The MNT Reform: a modular, open source hardware, blob-free laptop inspired by classic PCs

Lukas F. Hartmann grew up on PCs like the Sinclair ZX Spectrum, Commodore 64 and Amiga 500, and while he appreciates the power and portability of modern laptops, he missed the character and invitation of experiment in these classic PCs. Read the rest

Defect in Subaru keyless entry system makes it trivial to sniff and clone your car-keys

Subaru's wireless keyless entry protocol uses a system of "rolling codes" that jump from one value to another in a way that is supposed to be impossible to predict without possession of a cryptographic secret, shared by both the keys and the cars' firmware. Read the rest

How do you dump the firmware from a "secure" voting machine? With a $15 open source hardware board

One of the highlights of this year's Defcon conference in Vegas was the Voting Machine Hacking Village, where security researchers tore apart the "secure" voting machines America trusts its democracy to. Read the rest

Bitmarks: using blockchain and human-readable keys to protect indie hardware businesses from fraud

Legendary hardware hacker Andrew "bunnie" Huang (previously) has an open-source hardware company called Chibitronics; anyone can make their own version of a Chibitronics product, because Bunnie is convinced that his versions will be better and cheaper than theirs. Read the rest

Proof-of-concept camera encrypts images with GPG

W Aaron Waychoff, creator of the Falsom Upside-Down ⊥ "Resist" campaign, was inspired by this 2016 post; he writes, "I've made a proof-of-concept encrypting digital camera based on the open source, widely adoped GnuPG. This project uses public key encryption to encrypt every photo the camera takes before writing the encrypted version to memory. Of particular note, there are absolutely no UI changes over what an ordinary point-and-shoot camera provides. No extra keyboards or touch screens are needed as no passwords need be entered." Read the rest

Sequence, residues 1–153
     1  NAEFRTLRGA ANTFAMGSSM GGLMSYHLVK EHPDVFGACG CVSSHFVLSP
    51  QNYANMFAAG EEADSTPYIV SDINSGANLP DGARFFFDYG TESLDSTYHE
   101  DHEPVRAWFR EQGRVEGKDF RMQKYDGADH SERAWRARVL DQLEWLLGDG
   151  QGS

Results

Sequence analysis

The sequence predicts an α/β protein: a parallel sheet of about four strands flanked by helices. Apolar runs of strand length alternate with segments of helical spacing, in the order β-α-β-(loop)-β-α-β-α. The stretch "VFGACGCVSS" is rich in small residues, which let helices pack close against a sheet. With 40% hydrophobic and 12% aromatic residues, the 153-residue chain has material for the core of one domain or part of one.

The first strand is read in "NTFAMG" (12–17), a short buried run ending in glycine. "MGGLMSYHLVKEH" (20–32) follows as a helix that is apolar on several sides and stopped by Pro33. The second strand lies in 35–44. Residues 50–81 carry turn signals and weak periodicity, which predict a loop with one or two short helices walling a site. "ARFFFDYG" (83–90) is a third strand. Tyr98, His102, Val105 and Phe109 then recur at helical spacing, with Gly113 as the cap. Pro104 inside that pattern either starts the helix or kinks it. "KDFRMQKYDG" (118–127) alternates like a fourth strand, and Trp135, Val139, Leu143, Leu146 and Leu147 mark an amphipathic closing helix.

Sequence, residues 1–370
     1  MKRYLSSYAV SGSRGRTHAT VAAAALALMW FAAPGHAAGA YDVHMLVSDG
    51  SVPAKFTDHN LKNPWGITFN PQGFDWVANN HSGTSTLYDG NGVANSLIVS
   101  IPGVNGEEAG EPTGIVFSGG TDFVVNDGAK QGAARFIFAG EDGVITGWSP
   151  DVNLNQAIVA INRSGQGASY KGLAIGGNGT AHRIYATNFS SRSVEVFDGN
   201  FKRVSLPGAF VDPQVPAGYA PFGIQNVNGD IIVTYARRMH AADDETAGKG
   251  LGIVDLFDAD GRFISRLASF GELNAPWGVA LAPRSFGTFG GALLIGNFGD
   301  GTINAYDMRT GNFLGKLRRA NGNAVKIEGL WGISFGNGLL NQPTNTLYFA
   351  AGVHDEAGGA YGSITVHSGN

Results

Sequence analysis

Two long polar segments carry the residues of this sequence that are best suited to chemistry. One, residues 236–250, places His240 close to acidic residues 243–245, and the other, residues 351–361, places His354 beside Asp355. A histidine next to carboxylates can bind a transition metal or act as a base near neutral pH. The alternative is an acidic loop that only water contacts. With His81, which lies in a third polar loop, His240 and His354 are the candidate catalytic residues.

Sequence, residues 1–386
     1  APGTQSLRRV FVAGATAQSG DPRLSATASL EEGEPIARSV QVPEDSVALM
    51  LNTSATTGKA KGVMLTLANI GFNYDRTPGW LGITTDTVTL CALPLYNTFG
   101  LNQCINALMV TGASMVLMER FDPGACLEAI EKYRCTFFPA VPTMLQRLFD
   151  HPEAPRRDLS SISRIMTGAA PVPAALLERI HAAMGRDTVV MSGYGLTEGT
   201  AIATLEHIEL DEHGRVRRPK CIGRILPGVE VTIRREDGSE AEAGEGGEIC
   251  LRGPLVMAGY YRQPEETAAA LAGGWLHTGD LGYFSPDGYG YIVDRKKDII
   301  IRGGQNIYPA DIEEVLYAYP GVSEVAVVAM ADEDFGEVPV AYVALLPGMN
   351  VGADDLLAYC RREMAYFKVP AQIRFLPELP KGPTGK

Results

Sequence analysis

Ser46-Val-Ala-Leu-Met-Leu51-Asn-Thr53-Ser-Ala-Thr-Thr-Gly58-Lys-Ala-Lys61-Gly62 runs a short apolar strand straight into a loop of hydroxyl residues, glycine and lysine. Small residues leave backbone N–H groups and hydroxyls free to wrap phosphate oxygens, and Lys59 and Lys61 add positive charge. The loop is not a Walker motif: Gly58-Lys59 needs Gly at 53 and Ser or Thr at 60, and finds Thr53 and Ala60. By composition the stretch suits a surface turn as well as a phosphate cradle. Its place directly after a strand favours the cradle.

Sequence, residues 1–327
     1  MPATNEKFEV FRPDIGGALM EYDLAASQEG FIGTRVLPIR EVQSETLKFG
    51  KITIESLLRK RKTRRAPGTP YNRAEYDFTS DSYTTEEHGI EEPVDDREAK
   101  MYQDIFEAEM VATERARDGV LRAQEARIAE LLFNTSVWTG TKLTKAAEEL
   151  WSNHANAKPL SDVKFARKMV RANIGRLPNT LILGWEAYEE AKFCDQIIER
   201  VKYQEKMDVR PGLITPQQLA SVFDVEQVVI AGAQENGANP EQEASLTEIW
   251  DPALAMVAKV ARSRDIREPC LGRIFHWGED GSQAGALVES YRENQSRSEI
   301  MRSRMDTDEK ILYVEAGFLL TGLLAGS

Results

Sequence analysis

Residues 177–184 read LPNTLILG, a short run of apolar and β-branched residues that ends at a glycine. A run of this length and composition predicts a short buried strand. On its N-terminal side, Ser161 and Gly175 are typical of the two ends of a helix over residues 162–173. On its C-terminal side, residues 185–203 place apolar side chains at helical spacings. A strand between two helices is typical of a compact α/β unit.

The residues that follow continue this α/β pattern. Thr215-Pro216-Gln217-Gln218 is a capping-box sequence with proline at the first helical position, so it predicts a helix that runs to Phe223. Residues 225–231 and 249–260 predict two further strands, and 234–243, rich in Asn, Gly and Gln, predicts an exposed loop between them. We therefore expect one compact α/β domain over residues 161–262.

Steampunk, Arduino-powered electro-mechanical clock

Redditor/machinist Spdltd was commissioned to create a steampunk, Arduino-powered electromechanical clock that uses a combination of belts, dials and needles arrayed across the wall to tell the time. Read the rest

Kickstarting Mini Balloon and Kite Mapping Kits for everyone

Jeff writes, "7 years after 'grassroots mapping' the BP spill when journalists were denied access, the open source community Public Lab is back with an even more accessible Do-It-Yourself way to take aerial photos: the Mini Balloon and Kite Mapping Kits." Read the rest

The Commute Deck: a homebrew Unix terminal for tight places

Kerry Scharfglass designed his "Commute Deck" as a laptop alternative for his morning commute: it combines a mechanical keyboard (running the TMK open keyboard firmware), a 7", 720p display from Adafruit, a long-life USB battery, and a Raspberry Pi 2 with USB, wifi and Bluetooth dongles, and a little USB hub, all mounted on a laser-cut 1/4" plywood chassis. Read the rest